“The influence of peer pressure is pretty strong in Japan,” said Mari Yamauchi, a visiting professor at Akita International University. “When the vision that wages should be raised is shared among stakeholders, especially the government, it’s likely to make corporate managers feel that they need to raise wages too.”
Wage hikes appear long overdue in Japan, with a working-age population around 15% smaller than it was in 1995.
In dollar terms, salaries in the world’s third-biggest economy have largely remained flat over the last two decades, while they rose around 25% in the US and 18% in France. South Korean workers have been earning more than the Japanese per capita since 2015, according to the Organization for Economic Cooperation and Development.
Yet many had doubts about Rengo’s original demands for a 5% wage hike, given the country’s feeble trend of pay growth. The collapse of the bubble economy in the early 1990s drove unions to focus on protecting lifetime employment rather than agitating for higher pay.
Labour negotiations in recent years focused on topics like work-life balance, and have rarely been as combative as they were in the 1950s when Shunto, which means “spring offensive” in Japanese, began. That’s led to static employment and wages, while keeping unemployment low, even through the pandemic.
Unions have also struggled with a gradual decline in membership in the past few decades. The overall unionisation rate hit a fresh low of 16.5% last year, with membership at 12.5% for women and 8.5% for part-timers.
Even with the Rengo figures reaching 3%, doubts remain over how widely wage gains will spread and whether they will just be a one-off blip, factors that may continue to give the central bank sufficient reason to stick with its stimulus programme.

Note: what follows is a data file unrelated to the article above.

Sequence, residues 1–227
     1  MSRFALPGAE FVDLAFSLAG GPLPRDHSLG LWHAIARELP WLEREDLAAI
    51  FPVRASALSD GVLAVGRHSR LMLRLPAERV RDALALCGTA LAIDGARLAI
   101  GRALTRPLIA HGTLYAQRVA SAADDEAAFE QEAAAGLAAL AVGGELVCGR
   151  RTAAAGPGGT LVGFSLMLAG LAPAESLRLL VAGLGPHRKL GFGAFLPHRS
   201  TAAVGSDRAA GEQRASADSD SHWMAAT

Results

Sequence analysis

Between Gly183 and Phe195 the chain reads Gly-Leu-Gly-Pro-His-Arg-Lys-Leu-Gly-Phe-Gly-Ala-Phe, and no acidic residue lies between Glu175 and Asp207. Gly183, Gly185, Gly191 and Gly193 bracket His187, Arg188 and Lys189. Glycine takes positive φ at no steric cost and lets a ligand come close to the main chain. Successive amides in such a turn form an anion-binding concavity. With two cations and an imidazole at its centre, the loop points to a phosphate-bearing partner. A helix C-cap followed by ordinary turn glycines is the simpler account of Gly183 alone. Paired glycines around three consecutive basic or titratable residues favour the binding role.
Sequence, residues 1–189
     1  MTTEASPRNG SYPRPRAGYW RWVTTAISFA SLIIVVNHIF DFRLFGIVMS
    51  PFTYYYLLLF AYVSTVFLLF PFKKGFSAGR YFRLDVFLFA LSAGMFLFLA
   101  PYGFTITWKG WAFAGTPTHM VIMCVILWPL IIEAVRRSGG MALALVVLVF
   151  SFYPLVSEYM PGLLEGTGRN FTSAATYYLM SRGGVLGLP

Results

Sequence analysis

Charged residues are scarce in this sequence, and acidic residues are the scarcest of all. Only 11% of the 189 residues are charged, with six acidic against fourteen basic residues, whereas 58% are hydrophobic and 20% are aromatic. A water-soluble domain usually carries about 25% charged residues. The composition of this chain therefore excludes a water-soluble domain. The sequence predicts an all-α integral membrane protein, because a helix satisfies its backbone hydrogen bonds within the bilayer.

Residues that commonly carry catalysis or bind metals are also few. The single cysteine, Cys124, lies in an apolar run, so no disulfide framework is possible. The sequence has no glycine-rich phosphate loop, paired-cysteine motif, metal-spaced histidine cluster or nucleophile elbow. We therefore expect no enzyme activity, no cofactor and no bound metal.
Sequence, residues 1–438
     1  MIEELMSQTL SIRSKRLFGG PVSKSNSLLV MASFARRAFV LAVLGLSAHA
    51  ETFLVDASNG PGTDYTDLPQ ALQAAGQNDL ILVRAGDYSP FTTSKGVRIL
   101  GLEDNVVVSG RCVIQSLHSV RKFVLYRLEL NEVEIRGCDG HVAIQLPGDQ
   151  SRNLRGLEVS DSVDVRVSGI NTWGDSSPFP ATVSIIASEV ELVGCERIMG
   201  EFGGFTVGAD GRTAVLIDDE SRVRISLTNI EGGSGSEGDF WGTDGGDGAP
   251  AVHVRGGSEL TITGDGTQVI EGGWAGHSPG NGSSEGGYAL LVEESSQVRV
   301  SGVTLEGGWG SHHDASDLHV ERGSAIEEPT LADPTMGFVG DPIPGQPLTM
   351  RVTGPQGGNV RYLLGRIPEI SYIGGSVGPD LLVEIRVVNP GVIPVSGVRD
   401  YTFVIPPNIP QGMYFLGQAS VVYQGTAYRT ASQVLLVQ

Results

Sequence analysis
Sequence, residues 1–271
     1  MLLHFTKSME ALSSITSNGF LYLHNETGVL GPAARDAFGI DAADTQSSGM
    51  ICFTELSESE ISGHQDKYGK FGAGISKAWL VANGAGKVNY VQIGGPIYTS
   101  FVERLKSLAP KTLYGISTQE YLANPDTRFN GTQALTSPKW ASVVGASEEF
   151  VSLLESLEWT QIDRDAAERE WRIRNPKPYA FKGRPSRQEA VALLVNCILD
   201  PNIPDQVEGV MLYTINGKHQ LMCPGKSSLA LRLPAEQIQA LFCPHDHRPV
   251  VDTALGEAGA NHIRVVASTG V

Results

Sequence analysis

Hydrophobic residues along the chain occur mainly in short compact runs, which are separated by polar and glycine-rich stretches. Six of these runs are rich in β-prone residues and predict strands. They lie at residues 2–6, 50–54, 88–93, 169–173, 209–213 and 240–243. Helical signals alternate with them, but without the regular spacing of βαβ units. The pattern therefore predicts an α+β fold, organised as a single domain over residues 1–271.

“The initial results tend to reflect wage momentum among big companies, which have enjoyed a high level of corporate profits,” said Dai-Ichi Life’s Shinke. “Revised figures may not be this impressive, given that small companies are still struggling with domestic demand not so strong.”
Smaller firms, which employ some 76% of Japanese workers, tend to have more difficulty passing on higher costs to customers compared to their larger peers. Many of them may avoid significant gains in base pay, opting instead for one-off bonuses to avoid long-term commitments amid an uncertain economic outlook.
Katsuyuki Shinkai, a pub owner in his 40s in western Japan, said it was hard to find a way to pay more wages while grappling with higher costs for everything from electricity to food supplies.
“Materials costs are at record highs. Utilities are at record highs. So where are we getting the money for wage hikes?” he asked.
Shiro Harada, the president of Lumica Corp, which makes glow sticks and other novelty items, said he believes the wave of wage increases is likely to be temporary.
“Right now, they’re just listening to Keidanren and bureaucrats,” the 79-year-old executive said, referring to Japan’s biggest business lobby. “Raising wages is something that should be part of management efforts rather than something you do because you’re told to.”